1. Cut and paste; trial and error

I take as a given that both my repository of images and the way I assemble my paintings are directly influenced by, and respond to a very contemporary visual culture of cut and paste prevalent today. However, unlike a lot of current painters, I neither project my samples nor plan the piece in advance. And unlike a lot of contemporary artists that mimic the flat screen and mediated aesthetic of the computer (and visual media in general,) this new work references the Modernist practice of finding the painting through the process of making it. Thus, in a sense, these paintings are diaristic rather than illustrative, exposing the trial and error involved in their production

2. The semiotics of colour

In the new paintings, colour moves from the highly synthetic and garish (often signified by the acrylic underpainting) to mixes more reminiscent of older practices such as Abstract Expressionism. The palette thus acts both as a signifier of certain historical conventions (Op, Pop, contemporary fashion) as well as complicating (or perhaps complementing) the more atmospheric wet-on-wet colour typical of Abstract Expressionism (and the prevalence of mixing colour on the canvas through the act of painting.) It is my hope that the collision of these painting tropes adds some complexity to the visual experience.

3. Hybrid painting

I think the work responds in many ways to a variety of contemporary ideas around hybridity in contemporary painting. The new paintings rest uneasily between the established conventions of abstraction and the postmodern critique of originality, autonomy, and aesthetics. Very generally, I have come to position my practice as such:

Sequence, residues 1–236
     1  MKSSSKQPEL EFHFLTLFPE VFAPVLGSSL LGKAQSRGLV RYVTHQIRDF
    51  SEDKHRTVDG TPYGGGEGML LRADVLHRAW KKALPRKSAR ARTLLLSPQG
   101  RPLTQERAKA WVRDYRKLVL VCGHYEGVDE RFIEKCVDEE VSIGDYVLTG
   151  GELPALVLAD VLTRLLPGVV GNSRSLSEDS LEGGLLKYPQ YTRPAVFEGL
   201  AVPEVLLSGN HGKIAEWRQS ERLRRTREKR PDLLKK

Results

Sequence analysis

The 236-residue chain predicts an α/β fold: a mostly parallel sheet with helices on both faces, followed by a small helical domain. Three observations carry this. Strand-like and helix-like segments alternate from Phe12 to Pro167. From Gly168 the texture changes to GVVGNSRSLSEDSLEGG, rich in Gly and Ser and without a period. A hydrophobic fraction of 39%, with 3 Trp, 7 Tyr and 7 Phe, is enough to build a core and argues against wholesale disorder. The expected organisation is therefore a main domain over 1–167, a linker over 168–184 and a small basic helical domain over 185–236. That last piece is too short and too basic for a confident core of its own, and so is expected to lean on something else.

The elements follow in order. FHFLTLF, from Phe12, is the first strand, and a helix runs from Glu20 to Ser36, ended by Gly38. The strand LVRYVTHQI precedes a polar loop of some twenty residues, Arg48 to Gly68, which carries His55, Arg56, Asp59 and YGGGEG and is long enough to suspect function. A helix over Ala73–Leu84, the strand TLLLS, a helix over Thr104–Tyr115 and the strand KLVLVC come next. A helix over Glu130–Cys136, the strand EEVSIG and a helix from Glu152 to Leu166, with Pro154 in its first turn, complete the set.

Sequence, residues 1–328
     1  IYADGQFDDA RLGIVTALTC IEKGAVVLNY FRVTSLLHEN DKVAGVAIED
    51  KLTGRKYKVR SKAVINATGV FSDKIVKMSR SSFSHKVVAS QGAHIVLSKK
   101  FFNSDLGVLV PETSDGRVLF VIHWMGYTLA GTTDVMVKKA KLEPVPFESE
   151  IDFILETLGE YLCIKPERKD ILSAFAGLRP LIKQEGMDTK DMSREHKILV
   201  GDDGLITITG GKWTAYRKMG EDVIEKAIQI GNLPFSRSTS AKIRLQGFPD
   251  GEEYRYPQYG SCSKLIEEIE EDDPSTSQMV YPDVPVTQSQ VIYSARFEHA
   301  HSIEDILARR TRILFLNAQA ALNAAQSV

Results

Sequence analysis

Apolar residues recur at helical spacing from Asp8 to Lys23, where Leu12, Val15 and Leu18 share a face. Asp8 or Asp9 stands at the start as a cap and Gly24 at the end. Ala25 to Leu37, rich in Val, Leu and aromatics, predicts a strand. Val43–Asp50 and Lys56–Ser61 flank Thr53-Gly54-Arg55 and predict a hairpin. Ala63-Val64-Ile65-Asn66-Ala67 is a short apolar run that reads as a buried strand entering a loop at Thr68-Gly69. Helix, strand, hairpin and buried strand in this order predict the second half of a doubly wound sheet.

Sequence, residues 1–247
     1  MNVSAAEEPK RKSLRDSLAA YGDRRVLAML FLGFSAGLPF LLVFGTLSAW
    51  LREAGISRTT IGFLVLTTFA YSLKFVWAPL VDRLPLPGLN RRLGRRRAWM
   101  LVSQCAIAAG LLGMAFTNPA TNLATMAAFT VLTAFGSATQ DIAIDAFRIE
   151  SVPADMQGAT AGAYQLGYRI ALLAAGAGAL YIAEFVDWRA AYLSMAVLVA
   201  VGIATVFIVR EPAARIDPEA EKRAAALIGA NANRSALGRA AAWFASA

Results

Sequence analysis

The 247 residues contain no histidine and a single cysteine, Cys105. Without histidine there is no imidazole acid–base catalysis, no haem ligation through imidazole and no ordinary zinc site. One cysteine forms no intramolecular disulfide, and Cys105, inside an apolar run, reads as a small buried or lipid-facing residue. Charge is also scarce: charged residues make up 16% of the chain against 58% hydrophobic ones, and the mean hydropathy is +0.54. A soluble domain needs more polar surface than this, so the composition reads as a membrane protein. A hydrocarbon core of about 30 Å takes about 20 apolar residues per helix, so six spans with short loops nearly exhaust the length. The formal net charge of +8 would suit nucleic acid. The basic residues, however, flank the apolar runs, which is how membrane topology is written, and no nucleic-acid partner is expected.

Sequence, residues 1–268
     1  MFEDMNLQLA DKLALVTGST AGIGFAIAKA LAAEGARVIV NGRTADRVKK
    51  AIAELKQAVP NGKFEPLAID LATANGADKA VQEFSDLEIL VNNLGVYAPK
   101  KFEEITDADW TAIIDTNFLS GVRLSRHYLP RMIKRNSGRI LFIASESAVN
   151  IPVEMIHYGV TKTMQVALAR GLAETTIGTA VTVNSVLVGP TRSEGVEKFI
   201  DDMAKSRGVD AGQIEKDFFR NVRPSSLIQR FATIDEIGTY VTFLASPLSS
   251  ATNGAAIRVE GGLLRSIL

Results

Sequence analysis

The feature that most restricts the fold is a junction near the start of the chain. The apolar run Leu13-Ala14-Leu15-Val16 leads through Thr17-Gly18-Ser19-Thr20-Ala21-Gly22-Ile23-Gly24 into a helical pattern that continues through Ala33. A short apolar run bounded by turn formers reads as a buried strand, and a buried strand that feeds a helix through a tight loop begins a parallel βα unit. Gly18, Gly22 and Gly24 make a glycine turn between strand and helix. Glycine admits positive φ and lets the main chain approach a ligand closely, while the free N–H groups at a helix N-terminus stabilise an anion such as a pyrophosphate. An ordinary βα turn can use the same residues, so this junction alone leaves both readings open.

Modernist painterly abstraction

• diaristic • autonomous

• process driven

• colour is viewed both symbolically and retinally evocative and unfixed

Postmodern critique of Abstraction

• adherence to all gestures as conventions

• ironic relationship to innovation and novelty

• socially encoded

Hybrid Abstraction

• accepts the painterly conventions as givens

• recognizes the embeddedness of visual culture and historical conventions in the work

• re-asserts the presence of the artist as a subjective source in the making of the piece

• dismisses conventional hierarchies between self and other, hi and low, derived and invented

• Re-asserts the diaristic as an imposition and complicating procedure in the flattened and pre-ordained postmodern discourse.

4. The creation and quotation of forms

I like to self-reference earlier work as much as possible (a very basic and somewhat subjective form of mediation,) so I purposefully use and re-quote from my own painting. I likewise look at visual culture such as wall paper, design books, sign painting manuals, child books and stickers. I am drawn to simple graphics and conventionally recognizable forms that make the collisions between the abstract work and contemporary culture more obvious to the viewer. I have often thought that the cumulative effect of this process is very much akin to how children construct drawings from an assortment of visual culture tools, such as stickers, down-loaded forms, colouring, etc.